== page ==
Corvette ZR1 vs. SL65 AMG Black Series, Murciélago LP640, Viper SRT10

Corvette ZR1 vs. SL65 AMG Black Series, Murciélago LP640, Viper SRT10 Corvette ZR1 vs. SL65 AMG Black Series, Murciélago LP640, Viper SRT10
Comparison Tests

It’s easy to diss old-fashioned people as dinosaurs, with their plodding resistance to change, but think about this: Those lumbering, small-brained behemoths ruled the earth for 165 million years, which is a lot longer than Homo sapiens have been in charge of messing up the planet.

Although Diplodocus had similar brain power to bankers who thought asset-backed securities were a sure thing, you’ve still got to be impressed with this 90-foot-long, 20-ton beast that perambulated the third planet from the sun all those years ago.

Like dinosaurs, the 600-horsepower beasts gathered here could soon become extinct, but they are also highly impressive. Machines that weigh as much as two tons and sport massive 12-cylinder engines aren’t exactly in tune with the zeitgeist, which is increasingly angst-ridden over global warming, dependence on foreign oil, and the greening of energy. Performance cars may soon become more fuel efficient—lighter and more compact, with smaller engines. No doubt they’ll be great to drive, but they won’t be as dramatic as a Dodge Viper or a Lamborghini Murciélago in full flight.

The Viper is pretty familiar now. The current-generation roadster went on sale in 2003, with the coupe following as a 2006 model. In 2008, it got a 600-hp, 8.4-liter V-10 with trick variable valve timing to replace the 510-hp, 8.3-liter unit. Dodge also revised the suspension and fitted a GKN torque-sensing differential, which made the car more stable and forgiving.

The Murciélago has been around for a while, too, debuting in 2001. Tracing its lineage back to the Countach of 1974, the car was revised in 2007 as the LP640, featuring a 6.5-liter V-12 making 632 horsepower, an increase of 60 over the previous 6.2-liter engine’s output. Lamborghini also added carbon-ceramic brakes, tidied up the interior, and tweaked the suspension.

The Chevrolet Corvette ZR1 went on sale at the end of 2008 as a 2009 model. It is the fastest and most expensive Corvette ever, makes extensive use of carbon-fiber components, has carbon-ceramic brakes, and is motivated by the most powerful small-block Chevy ever—a supercharged 6.2-liter, LS9 V-8 engine that produces 638 horsepower.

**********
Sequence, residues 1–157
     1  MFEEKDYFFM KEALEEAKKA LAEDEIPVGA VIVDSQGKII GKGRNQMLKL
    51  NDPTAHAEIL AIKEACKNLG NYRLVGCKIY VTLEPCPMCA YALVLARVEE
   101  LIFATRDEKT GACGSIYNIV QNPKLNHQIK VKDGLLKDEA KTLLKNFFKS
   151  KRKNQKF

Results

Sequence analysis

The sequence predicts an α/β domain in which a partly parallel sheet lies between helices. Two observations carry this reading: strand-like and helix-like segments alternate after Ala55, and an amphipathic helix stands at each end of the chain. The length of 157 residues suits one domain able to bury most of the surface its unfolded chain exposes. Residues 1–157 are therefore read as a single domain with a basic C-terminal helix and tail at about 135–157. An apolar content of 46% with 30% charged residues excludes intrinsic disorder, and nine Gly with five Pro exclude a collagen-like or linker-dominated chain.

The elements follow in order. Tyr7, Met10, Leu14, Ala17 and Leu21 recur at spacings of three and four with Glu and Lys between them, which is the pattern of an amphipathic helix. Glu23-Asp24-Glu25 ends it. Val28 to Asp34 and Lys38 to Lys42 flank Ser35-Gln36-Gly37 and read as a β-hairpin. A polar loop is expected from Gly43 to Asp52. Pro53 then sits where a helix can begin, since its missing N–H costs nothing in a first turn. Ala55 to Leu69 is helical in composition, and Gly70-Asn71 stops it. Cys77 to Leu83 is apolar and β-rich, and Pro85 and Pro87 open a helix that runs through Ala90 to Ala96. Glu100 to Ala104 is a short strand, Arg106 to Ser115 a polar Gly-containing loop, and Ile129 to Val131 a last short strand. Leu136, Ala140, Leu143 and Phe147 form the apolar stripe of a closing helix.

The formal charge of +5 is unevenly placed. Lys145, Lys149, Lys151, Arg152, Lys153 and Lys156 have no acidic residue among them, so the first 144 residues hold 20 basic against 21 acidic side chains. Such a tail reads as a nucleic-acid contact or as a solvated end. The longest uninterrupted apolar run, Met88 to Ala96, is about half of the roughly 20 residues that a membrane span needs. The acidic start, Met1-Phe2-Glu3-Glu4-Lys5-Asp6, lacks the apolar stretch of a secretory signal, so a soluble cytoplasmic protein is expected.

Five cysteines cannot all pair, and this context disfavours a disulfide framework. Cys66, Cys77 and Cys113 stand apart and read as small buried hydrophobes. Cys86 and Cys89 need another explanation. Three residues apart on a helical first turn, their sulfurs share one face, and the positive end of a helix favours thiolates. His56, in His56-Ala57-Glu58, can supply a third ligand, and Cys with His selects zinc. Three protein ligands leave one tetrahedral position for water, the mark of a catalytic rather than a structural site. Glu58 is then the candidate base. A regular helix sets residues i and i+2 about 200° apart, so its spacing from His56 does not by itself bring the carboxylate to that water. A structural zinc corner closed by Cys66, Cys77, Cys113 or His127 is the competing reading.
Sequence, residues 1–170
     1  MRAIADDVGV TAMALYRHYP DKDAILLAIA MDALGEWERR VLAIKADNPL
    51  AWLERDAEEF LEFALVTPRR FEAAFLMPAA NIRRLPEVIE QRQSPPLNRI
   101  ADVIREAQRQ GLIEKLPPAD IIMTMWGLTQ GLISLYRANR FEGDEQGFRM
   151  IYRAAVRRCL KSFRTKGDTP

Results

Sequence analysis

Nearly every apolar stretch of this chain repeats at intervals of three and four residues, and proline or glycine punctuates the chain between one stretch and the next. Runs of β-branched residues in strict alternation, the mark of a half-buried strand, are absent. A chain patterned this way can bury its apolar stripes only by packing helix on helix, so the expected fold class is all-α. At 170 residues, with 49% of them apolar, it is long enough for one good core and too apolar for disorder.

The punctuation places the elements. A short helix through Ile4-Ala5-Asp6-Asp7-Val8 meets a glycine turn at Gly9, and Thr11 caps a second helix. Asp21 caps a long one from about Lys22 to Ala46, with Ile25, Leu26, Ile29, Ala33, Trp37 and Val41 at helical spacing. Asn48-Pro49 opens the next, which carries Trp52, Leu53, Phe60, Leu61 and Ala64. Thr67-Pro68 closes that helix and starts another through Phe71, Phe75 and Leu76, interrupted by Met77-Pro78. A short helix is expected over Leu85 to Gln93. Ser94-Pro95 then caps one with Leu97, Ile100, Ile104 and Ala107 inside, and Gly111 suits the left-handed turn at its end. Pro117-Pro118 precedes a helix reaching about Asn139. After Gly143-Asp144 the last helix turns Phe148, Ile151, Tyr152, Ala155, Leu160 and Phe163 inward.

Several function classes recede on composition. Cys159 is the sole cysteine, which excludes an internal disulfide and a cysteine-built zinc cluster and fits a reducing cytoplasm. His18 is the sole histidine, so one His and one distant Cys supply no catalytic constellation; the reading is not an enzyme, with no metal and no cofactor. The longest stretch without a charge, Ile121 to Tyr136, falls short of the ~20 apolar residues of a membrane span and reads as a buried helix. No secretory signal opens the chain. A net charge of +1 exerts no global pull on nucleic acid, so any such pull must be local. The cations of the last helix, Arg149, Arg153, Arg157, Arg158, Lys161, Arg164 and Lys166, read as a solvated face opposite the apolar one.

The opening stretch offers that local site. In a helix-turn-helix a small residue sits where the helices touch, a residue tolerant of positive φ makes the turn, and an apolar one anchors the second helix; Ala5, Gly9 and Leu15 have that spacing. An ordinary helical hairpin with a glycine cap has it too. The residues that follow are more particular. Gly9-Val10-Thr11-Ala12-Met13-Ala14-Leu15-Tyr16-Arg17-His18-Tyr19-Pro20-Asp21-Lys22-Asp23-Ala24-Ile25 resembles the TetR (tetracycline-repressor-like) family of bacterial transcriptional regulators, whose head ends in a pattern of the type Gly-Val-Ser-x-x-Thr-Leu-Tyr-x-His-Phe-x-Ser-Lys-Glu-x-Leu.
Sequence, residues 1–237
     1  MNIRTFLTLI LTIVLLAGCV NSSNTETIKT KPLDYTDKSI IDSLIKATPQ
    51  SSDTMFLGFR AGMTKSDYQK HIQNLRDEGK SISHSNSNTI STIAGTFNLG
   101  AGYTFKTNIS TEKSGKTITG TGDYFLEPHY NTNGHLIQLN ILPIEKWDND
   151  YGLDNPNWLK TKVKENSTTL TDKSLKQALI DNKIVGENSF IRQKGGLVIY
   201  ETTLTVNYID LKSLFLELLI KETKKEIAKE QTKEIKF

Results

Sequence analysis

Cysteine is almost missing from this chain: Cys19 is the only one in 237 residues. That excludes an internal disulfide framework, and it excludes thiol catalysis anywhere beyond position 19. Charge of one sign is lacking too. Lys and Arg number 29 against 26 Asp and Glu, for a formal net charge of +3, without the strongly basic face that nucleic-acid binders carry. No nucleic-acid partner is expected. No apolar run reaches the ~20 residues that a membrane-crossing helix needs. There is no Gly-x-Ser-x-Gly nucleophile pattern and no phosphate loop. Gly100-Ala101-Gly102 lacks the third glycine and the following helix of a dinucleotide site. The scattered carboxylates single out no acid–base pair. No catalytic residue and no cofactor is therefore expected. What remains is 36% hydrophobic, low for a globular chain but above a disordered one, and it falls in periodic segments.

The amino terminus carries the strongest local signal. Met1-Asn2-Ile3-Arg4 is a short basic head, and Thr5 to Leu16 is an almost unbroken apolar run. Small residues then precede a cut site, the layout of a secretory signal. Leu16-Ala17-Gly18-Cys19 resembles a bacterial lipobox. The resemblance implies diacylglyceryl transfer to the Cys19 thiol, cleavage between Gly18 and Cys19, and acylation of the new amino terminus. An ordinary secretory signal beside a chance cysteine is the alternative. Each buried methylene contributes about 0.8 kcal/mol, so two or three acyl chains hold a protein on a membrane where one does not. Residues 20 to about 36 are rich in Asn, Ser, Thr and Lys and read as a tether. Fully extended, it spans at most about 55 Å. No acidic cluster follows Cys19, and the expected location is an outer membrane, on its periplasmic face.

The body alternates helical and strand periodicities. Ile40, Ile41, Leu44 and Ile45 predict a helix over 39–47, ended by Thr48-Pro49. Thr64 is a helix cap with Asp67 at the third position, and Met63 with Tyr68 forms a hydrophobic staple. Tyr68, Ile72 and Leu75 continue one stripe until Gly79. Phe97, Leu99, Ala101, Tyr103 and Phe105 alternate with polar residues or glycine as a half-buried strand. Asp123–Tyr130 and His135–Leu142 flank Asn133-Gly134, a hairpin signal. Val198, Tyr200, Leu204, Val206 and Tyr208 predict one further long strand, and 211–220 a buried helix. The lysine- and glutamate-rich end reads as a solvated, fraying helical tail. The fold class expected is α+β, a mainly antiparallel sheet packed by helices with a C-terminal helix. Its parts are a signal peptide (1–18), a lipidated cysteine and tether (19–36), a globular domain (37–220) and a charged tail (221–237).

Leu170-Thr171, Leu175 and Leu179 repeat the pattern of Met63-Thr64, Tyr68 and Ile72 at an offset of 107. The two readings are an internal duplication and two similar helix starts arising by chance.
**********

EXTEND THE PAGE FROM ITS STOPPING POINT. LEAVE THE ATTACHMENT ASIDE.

The ZR1 isn’t the most powerful car of this pack, though. That distinction goes to the 2010 Mercedes-Benz SL65 AMG Black Series. This is a massively reworked SL65 with carbon-fiber-reinforced plastic bodywork for the front fenders, the hood, the trunk, and the fixed coupe roof (which replaces the SL’s usual folding hardtop). The 6.0-liter, twin-turbo V-12 is the same as the SL65’s except that larger turbochargers, a modified intake, and redesigned mufflers boost power from 604 horses to a bodacious 661. Drivetrain components have been beefed up, along with the braking system, which sports 15.4-inch front rotors and 14.2-inch discs at the back. An adjustable coil-over suspension replaces the coil springs and the automatic, hydraulic self-leveling springs on the other SL variants. Beautiful, forged aluminum wheels carry 265/35R-19 Dunlop tires up front, with 325/30R-20s in back.

At the end of our time with the four cars, when we were filling their tanks with premium—ironic, so-called dinosaurs being fueled by the remains of the real thing—a youngish guy came bounding over, eyes bulging in disbelief. He exclaimed in a whispery voice: “I feel like I’m surrounded by women—they’re all so beautiful.” Indeed. Enthusiasts will look back at the first decade of the 21st century as a golden age. We may never see cars like this again.